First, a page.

Sometime between 1920 and 1963, human remains representing, at minimum, one individual (one adult skull) were in the possession of Dr. Spencer Atkinson. Documentation describing the excavator, original date, location, removal and acquisition of the human remains does not exist. However, based on an associated handwritten note that includes the writing “Hutchinson Mound Nishinan . . . May 35,” and on research conducted by CDHCS professional staff, the University of the Pacific, Dugoni School of Dentistry reasonably believes that these human remains were, in 1935, possibly removed from Hutchinson Mound. The note found associated with these human remains leaves the location of the site of acquisition somewhat uncertain, as it reads, “Hutchinson Mound Nishinan not from Slough Mound Consumne River . . . May 35.” In 1963, the human remains were transferred to the University of the Pacific School of Dentistry when Dr. Atkinson's private collection was donated to the school. No known individual was identified. No associated funerary objects are present.

In a 2015 Notice of Inventory Completion published in the Federal Register (80 FR 6121, February 4, 2015), California State University, Sacramento, CA, stated that human remains in their collection from Hutchinson Mound had been “in the possession of Anthony Zallio, a private collector,” and that the site was “believed to be located near Sloughhouse, in east-central Sacramento County, CA. The exact location is currently unknown.”

Sometime between 1920 and 1963, human remains representing, at minimum, two individuals (two adult skulls) were in the possession of Dr. Spencer Atkinson. Documentation describing the excavator, original dates, locations, removal and acquisition of the human remains does not exist. However, based on associated handwritten labels that include the writing “Nicholaus” (on one label) and a few letters of the word “Nicolaus” (on other label), and on research conducted by CDHCS professional staff, the University of the Pacific, Dugoni School of Dentistry reasonably believes that these human remains were removed from the Nicolaus Site #2 or Nicholas (CA-SAC-085). The date of removal is unknown. In 1963, the human remains were transferred to University of the Pacific School of Dentistry when Dr. Atkinson's private collection was donated to the school. No known individuals were identified. No associated funerary objects are present.

In a 2015 Notice of Inventory Completion published in the Federal Register (80 FR 6751, February 6, 2015), California State University, Sacramento, CA, stated that human remains in their Start Printed Page 34231collection from CA-SAC-085 had been “in the possession of Anthony Zallio, a private collector,” and noted that site CA-SAC-085 “may have been a suburb tribelet of a Hulpumne Plains Miwok village site located nearby at CA-SAC-086.”

Based on communications with professional staff at the California State University, Sacramento, it has been determined that the handwriting on some of the associated notes and labels described here resembles Anthony Zallio's handwriting, as found on written materials associated with the human remains that he donated in 1951 to the Department of Anthropology at Sacramento State College (now California State University, Sacramento). In a 2015 Notice of Inventory Completion published in the Federal Register (80 FR 6751, February 6, 2015), that includes human remains from the sites of CA-SAC-085 (also known as Nicolaus Site #2 or Nicholas) and CA-SAC-120 (also known as Goethe Mound #1 and #2), California State University, Sacramento noted that “Zallio excavated mound sites prior to leveling for agricultural and development, and it is believed that the most recent occupation of the sites was likely intact at the time. Based on this circumstantial evidence, it is more likely than not that Zallio collected human remains and cultural items from the youngest deposits. Such deposits date to the Historic Period and Late Horizon; the preponderance of evidence indicates that these temporal periods are most closely culturally affiliated with the Plains Miwok, with more distant ties to neighboring groups such as the Nisenan, Patwin, and Yokuts.”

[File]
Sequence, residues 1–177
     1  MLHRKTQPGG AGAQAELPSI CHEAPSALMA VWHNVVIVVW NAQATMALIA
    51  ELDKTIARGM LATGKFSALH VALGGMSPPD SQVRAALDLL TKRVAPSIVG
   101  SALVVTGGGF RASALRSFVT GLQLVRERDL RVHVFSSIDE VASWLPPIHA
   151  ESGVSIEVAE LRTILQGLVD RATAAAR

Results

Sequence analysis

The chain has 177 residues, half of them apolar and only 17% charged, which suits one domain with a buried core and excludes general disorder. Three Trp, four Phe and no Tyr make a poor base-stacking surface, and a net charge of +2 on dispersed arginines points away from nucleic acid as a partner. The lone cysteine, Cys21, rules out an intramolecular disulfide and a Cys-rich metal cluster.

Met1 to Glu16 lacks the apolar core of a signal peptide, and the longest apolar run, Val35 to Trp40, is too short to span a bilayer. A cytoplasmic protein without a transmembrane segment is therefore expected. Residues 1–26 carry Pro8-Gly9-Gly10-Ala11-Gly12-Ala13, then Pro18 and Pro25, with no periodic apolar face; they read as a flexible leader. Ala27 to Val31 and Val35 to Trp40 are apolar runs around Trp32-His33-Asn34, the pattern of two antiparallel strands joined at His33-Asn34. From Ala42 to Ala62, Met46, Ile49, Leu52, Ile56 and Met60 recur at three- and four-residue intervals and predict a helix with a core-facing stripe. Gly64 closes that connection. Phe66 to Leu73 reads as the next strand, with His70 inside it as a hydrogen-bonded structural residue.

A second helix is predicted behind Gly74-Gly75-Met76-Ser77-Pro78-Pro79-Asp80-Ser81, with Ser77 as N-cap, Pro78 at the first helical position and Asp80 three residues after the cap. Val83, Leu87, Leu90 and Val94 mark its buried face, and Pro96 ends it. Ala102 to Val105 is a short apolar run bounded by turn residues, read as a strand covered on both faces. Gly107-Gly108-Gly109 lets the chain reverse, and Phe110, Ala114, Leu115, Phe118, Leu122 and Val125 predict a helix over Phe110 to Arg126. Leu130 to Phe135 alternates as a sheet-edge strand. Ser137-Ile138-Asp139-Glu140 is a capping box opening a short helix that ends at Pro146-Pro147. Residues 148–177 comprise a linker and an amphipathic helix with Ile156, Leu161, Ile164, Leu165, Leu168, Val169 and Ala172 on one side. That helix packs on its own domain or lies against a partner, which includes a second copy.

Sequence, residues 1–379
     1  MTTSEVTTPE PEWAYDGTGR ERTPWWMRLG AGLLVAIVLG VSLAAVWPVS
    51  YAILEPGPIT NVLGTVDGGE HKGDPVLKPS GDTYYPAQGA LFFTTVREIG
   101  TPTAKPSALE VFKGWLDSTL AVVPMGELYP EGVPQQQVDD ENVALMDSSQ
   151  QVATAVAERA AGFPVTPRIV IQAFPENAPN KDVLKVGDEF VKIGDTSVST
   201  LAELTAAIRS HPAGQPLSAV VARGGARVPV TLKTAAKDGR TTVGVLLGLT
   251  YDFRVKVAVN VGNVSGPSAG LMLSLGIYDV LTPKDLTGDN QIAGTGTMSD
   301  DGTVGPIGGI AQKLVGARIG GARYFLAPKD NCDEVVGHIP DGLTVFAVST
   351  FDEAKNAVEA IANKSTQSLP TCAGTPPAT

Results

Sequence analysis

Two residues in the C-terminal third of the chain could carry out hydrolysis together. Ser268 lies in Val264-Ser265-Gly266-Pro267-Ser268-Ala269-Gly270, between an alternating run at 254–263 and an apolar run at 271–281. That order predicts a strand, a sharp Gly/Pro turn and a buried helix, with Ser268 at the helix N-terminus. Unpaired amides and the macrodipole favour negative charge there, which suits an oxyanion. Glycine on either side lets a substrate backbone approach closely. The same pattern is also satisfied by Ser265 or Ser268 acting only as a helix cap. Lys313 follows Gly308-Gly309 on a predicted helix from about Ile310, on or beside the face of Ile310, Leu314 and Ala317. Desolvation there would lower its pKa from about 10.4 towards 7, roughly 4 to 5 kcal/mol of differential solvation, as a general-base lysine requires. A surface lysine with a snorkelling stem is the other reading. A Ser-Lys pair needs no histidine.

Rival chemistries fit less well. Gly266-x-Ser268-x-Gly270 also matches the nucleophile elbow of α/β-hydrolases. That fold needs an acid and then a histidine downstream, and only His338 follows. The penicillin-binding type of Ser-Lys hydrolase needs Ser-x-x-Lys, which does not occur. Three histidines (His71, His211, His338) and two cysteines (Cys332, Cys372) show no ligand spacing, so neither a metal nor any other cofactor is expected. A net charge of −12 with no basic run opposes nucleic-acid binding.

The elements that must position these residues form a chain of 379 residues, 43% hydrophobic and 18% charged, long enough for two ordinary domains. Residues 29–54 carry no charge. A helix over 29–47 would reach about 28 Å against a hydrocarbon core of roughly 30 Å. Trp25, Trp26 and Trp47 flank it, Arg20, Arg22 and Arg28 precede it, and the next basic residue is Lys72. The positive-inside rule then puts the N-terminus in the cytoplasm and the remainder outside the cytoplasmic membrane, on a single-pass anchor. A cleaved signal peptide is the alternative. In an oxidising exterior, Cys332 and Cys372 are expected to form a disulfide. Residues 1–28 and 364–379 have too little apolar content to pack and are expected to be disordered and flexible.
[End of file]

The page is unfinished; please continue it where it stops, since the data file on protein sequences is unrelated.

Sometime between 1920 and 1963, human remains representing, at minimum, one individual (one adult cranium) were in the possession of Dr. Spencer Atkinson. Documentation describing the excavator, original date, location, removal and acquisition of the human remains does not exist. However, based on an associated handwritten label that includes the writing “Nisenan Nichols 2-25-35,” and on research conducted by CDHCS professional staff, the University of the Pacific, Dugoni School of Dentistry reasonably believes that these human remains were removed in 1935 from Nichols Mound (CA-SAC-007, also possibly known as Nicholls Site), which is believed to be located approximately one mile southeast of the intersection of Bruceville and Desmond roads in southwest Sacramento County, CA. In 1963, the human remains were transferred to the University of the Pacific School of Dentistry when Dr. Atkinson's private collection was donated to the school. No known individual was identified. No associated funerary objects are present.

In a 2015 Notice of Inventory Completion published in the Federal Register (80 FR 6751, February 6, 2015), California State University, Sacramento stated that human remains in their collection had been removed from CA-SAC-006 “(also known as Johnson Mound), located approximately 1.3 miles west of the Cosumnes River and 5.5 miles northeast of the intersection of the Mokelumne and Cosumnes Rivers in southern Sacramento County, CA,” and that “Ethnographic and historic data suggest that this site (CA-SAC-006) was once the tribelet center for the Consomne Plains Miwok.” Site CA-SAC-007 and Site CA-SAC-006 appear to be in close geographic proximity.

Sometime between 1920 and 1963, human remains representing, at minimum, four individuals (four adult skulls) were in the possession of Dr. Spencer Atkinson. Documentation describing the excavator, original date, location, removal and acquisition of the human remains does not exist. However, based on associated handwritten labels that include the writing “Thisle” (on three labels) and “Tistle Nisenan 7-2-35” (on fourth label), and on research conducted by CDHCS professional staff, the University of the Pacific, Dugoni School of Dentistry reasonably believes that these human remains were removed sometime around 1935 from the site of Thistle. In 1963, the human remains were transferred to the University of the Pacific School of Dentistry when Dr. Atkinson's private collection was donated to the school. No known individuals were identified. No associated funerary objects are present.